Thanks to those of you who commented on my previous post regarding which novel you would like to see me publish next. Your opinions are very insightful to me. To help you decide, I thought I’d blog the first chapters of both options for you to read. Here is chapter 1 of CAT SUMMER, a sci-fantasy fiction where cats save the world. Anyone who comments gets entered in a raffle for a copy of the winning book. (Please excuse the space between paragraphs. I don’t know how to fix that.)
CAT SUMMER, by Mollie Hunt
The room was dark when Lise woke. For a moment, she was still in her dreams. The swirling not-quite-there impressions seeped over from the other side. Their content was with her, just out of reach, behind a wind-blown blanket of night.
Rolling fields with a stage-prop sky. No dimensions, flat, matte black, like a backdrop for a play.
A wind passing through dry grass with the sound of insect wings.
A soft, black presence, oozing across the scene like oil, leaving adoration and terror in its wake.
But it was nothing.
Sitting up in bed, Lise shook off her sleep-filled wanderings. Her mind was clear now, completely cognizant. She felt strong and alive, free from daytime distraction and acutely aware of things she would ordinarily have let pass by.
She sighed, inhaling the clear summer breeze that floated in through the open window. Sleep was out of the question. Tossing off the quilt, she got out of bed. Her feet touched the silky carpet near where her slippers lay, but she ignored them. The night was warm; her body was comfortable just the way it was.
For some reason, she did not find it strange to walk naked from the room. She was alone in the big house; no one to see. But these thoughts never entered her mind. Her bathrobe remained at the foot of the bed, forgotten.
Lise paused at the open window, feeling the air brush across her body, smelling it as if it held clues, hints and secrets of the hidden universe outside. She breathed deeply, allowing the delicious, life-giving vapor fill her lungs. Things were going on out there in the wide, night world; she could feel it on the tip of her tongue.
Didn’t snakes sense with their tongues? she considered briefly. And cats and dogs had a special gland for scent. People got the short end of the stick when it came to smell.
It was a passing contemplation and it slipped away unresolved, leaving Lise staring, quiet-minded, down at the garden below. In the moonlight, she could pick out the luminescent spikes of Oriental lilies against the shadowed garage and the tiny pinpoints of daisies in the edging. It was one of those rare and glorious nights when everything was perfect: temperature, texture, even the silent sky with its occasional sparkling planet. All this called to her soul; she knew she had to go out in it.
Down the narrow staircase she skipped, feeling lean and light as a thistle seed. This seemed totally natural though somewhere in the back of her mind lurked the vague remembrance of heaviness and discomfort, anxiety and tension, all the misery standard in the human machine. But that was another place and time; this was the real girl, the soul inside the trap of humanity, strong, quick, and blissfully unafraid.
The living room was veiled in darkness as she opened the paneled hall door, but in spite of the murk, she could see. Of course, it was her house – she had designed it, arranged it, maintained it. She could have navigated it with her eyes closed. But whether it was the moonlight falling in glimmering shafts from the high, narrow windows or something more elusive, there was no need. Objects stood out bright as crystal, radiating in sparkling white. This was not light as Lise knew it— the clear, harsh rays that blaze down from outside— but something more subtle. An inner glow, as if each article had a light of its own.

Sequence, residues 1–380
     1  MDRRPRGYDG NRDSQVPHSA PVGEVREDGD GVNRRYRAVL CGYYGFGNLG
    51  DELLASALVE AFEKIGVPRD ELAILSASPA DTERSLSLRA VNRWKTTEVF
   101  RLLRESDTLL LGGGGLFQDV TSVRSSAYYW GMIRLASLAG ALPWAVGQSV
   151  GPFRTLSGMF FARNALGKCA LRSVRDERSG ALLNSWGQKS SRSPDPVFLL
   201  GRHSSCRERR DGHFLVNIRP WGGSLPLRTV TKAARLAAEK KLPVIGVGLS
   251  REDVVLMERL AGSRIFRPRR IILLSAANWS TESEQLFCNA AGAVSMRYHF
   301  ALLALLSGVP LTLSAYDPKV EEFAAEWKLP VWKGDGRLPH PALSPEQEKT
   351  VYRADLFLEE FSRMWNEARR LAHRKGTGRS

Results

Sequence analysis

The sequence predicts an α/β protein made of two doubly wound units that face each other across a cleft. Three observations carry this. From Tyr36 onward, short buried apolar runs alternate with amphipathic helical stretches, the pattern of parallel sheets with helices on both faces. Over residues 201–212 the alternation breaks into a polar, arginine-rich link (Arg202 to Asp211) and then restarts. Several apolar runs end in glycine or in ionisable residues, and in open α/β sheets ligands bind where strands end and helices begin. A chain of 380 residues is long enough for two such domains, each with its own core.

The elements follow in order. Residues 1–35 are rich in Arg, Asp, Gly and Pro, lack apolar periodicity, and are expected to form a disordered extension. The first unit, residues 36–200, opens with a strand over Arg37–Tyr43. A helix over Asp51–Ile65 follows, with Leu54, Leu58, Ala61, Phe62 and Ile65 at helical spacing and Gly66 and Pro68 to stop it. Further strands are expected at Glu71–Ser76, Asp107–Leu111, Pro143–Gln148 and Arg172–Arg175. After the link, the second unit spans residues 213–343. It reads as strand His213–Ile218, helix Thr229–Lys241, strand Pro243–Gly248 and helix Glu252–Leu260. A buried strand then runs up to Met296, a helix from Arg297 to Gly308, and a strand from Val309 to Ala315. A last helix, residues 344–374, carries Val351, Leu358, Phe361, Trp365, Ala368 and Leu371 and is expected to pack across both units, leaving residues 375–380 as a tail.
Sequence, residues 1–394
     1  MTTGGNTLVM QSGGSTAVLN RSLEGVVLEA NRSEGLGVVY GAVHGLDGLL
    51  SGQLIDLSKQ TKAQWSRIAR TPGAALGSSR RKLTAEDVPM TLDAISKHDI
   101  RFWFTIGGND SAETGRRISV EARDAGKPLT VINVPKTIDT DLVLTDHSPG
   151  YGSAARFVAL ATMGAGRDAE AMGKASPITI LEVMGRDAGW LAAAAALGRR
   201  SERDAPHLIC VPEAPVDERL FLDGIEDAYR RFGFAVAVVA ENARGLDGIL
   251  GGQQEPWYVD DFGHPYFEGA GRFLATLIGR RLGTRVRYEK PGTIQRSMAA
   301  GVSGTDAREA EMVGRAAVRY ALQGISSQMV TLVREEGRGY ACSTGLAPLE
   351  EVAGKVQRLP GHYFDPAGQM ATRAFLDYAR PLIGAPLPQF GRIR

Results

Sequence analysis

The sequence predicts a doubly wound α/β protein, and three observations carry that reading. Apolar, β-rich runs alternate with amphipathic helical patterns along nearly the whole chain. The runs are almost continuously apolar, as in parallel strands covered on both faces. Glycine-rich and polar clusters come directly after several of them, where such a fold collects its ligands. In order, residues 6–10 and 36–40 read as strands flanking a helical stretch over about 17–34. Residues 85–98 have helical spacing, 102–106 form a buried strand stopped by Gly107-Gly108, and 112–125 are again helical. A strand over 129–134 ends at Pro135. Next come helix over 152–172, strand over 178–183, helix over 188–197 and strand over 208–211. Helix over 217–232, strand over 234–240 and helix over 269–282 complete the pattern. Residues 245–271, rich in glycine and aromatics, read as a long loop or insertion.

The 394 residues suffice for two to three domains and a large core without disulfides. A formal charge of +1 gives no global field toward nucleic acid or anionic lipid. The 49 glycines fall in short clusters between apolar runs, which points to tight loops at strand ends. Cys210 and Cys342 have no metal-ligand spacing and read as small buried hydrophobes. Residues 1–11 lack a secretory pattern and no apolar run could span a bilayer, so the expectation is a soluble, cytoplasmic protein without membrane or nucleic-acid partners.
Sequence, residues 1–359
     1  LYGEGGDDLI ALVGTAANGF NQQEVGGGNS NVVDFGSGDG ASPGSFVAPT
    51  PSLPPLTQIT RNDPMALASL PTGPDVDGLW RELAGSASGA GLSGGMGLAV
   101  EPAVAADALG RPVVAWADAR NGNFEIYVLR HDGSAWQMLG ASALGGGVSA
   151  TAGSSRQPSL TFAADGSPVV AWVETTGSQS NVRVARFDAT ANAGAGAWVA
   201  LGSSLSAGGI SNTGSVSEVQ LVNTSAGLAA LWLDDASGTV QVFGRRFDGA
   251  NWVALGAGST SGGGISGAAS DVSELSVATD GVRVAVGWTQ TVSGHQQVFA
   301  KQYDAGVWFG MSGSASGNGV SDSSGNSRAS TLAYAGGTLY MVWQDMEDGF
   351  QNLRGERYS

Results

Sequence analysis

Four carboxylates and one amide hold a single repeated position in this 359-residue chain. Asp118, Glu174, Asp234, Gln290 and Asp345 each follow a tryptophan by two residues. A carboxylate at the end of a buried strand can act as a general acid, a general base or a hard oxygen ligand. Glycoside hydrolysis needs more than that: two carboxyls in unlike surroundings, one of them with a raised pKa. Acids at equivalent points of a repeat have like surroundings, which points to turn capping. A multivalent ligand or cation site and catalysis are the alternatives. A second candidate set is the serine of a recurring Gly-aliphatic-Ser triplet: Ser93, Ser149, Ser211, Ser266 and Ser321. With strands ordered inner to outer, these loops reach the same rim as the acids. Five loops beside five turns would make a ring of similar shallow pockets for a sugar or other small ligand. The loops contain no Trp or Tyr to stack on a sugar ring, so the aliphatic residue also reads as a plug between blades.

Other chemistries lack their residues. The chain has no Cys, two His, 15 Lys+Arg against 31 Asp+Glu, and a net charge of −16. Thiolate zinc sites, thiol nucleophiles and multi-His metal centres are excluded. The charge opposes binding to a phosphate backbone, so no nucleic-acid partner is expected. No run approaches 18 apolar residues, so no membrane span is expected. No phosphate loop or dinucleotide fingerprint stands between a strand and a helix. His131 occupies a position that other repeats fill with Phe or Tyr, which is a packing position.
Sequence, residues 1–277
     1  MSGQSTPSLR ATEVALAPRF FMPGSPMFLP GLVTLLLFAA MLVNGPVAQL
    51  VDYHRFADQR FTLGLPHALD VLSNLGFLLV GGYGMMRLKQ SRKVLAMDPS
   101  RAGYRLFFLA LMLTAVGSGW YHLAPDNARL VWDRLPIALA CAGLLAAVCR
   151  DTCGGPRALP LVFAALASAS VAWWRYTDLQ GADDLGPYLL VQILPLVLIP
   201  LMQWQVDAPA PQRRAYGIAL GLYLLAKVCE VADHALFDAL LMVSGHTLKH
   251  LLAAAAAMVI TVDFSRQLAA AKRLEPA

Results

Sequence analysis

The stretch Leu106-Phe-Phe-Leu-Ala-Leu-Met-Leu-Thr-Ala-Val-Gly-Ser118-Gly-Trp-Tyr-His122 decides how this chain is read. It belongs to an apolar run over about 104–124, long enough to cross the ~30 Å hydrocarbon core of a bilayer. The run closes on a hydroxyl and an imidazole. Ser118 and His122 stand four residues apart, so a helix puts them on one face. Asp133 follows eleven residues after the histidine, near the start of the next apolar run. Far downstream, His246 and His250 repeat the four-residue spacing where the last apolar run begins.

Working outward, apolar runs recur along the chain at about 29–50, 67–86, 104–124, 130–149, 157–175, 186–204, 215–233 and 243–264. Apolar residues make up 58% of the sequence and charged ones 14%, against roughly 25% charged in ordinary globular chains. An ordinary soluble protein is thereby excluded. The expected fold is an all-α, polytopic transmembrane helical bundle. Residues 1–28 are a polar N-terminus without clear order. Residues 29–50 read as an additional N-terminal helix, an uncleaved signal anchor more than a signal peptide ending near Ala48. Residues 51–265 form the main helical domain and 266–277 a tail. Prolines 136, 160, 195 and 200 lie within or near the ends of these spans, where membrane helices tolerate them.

Without giving this phenomenon a second thought, Lise started toward the back door but paused as she realized she was not alone. On the overstuffed couch, wedged in between the cabbage rose throw pillows, sat Percy, a round-bodied black and white tuxedo cat whose ice-green eyes and luxuriant fur spoke of his roots in the forests of Norway. The elderly feline liked that place and often slept there when he was not on the prowl. Finding him like that was nothing new.
But on the carpet nearby stood someone else, a great orange tabby Lise had never seen before. He stalked toward her and halted at her feet, peering up. His eyes were like yellow lamp globes quizzing her innermost soul.
“Who are you?” Lise asked as she bent down to pet the stranger.
“I am Evermore Artair Eckx,” the tabby replied. He rubbed his blunt head briefly against Lise’s proffered hand, then retreating to arm’s length, just out of reach. “But you can call me Tom.” That stated, he plopped down on the floor with a thud and busily chased an itch on his flank.
Lise was aghast; she had heard him speak as clearly as anyone. But that could not be- cats don’t talk!
At least they had never talked to her before.
“What did you say?” she uttered in amazement.
Tom just looked back at her, blinking innocently.
Lise turned her questioning eyes on her own companion, Percy, but he was no longer watching her. Utterly the opposite– he seemed to be napping.
She must have been mistaken. Both animals were thoroughly cat-like now. What did she expect, wandering around in the middle of the night when she should have been safe in bed?
“Okay, kitties,” she said for her own satisfaction. “If you’re going to ignore me, I’m leaving.” The chirp of crickets was irresistibly calling her outside. Once again, she started for the back door, then turned. “And I think you should come too,” she said to the tabby stranger. “You don’t live here, you know.”
“Soon. Soon,” the orange cat purred back, and she could swear she saw him wink.